wdavies (163941) | more than 11 years ago | (#3780331)

Translucent Databases [amazon.com] .

Its cheaper and more easily available at the publishers web site at $26.95 + $3.80 (S&H), rather than the amazon stock price of $29.95, but if you are buying more than $50 worth of stuff, Amazon is offering free shipping. I guess thisl ink is also useful if you want to limit your paypal usage. Amazon's availability is 10-12 days.

Winton

that takes guts! (0)

Anonymous Coward | more than 11 years ago | (#3782374)

notice the URL on the link -- Mr. Poster wants to collect the Amazon referral on the sale. What a turdball.

Re:that takes guts! (1)

Hettinga (196924) | more than 11 years ago | (#3782968)

I had no idea that was what I was doing. All I did was look it up and post the URL. Honest. Accidental empire, that's me. :-).

Re:that takes guts! (0)

Anonymous Coward | more than 11 years ago | (#3783175)

No. It wasn't you. It was the other guy. It's not your link. He was the one who posted his own Amazon link.

Brin went ballistic! (5, Informative)

SiliconEntity (448450) | more than 11 years ago | (#3780640)

Robert Hettinga's review described the new techniques as a solution to "David Brin's world of ubiquitous surveillance". Someone forwarded the review to Brin and he went ballistic!

Read his response here. [inet-one.com] The last thing David Brin wants to see is "translucent databases". He wants more openness and transparency, not less.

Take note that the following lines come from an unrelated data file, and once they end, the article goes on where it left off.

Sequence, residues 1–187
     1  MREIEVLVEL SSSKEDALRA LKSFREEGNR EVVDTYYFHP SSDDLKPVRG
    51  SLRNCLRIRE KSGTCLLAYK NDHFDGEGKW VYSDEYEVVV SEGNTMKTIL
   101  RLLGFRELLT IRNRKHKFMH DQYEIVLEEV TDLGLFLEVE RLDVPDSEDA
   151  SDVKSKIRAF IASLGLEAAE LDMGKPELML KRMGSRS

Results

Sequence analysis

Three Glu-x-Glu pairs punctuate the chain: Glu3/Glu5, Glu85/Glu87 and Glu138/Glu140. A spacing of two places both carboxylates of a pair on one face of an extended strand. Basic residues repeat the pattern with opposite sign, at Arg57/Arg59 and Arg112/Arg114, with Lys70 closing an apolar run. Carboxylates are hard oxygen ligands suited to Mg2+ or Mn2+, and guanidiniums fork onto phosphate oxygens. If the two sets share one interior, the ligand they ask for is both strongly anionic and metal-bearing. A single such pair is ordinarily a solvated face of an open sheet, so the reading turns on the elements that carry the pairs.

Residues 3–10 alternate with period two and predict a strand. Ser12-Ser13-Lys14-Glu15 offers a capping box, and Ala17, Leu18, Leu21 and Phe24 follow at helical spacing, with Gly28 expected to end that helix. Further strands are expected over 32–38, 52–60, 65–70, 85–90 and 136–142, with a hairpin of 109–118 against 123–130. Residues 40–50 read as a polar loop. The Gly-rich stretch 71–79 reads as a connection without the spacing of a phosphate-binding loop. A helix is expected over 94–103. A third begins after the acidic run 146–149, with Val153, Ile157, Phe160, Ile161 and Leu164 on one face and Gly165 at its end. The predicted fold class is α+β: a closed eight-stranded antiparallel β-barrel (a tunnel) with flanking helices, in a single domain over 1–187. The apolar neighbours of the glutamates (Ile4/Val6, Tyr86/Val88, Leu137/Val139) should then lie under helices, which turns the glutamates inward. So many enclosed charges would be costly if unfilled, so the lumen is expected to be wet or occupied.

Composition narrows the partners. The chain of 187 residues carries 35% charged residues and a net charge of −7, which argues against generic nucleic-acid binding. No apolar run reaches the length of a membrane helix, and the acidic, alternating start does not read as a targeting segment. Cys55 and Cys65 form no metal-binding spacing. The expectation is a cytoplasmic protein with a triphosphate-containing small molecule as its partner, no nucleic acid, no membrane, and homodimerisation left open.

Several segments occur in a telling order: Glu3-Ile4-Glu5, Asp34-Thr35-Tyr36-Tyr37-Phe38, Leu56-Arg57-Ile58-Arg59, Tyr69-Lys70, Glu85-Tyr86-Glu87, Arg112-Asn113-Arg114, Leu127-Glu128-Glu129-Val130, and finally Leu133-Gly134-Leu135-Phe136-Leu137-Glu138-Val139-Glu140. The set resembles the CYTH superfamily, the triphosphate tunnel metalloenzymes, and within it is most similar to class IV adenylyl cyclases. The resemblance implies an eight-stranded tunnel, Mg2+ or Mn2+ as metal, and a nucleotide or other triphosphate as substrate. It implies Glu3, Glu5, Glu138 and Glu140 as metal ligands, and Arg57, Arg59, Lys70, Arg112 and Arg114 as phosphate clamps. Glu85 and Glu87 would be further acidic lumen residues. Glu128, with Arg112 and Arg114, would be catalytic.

Re:Brin went ballistic! (3, Informative)

peterwayner (266189) | more than 11 years ago | (#3781742)

I can see why Hettinga wants to tweak Brin, but that wasn't the point of the book. The solutions are, according to the metaphor, translucent , so that makes them half-transparent. I think these are pretty good compromises that, in the right circumstances, let DBAs have their cake and eat it too. The personal information is scrambled, but the rest is left in the clear. Some forms of scrutiny are possible even if the personal information is cloaked. There are, for instance, some interesting algorithms for electronic voting that preserve secrecy while avoiding all of the problems we recently encountered in FLA.

It's a deep field and there's plenty of room for interpreting and reinterpreting the right amount of light to let through the window.

It's the indices stupid (2, Insightful)

mir@ge (25727) | more than 11 years ago | (#3782095)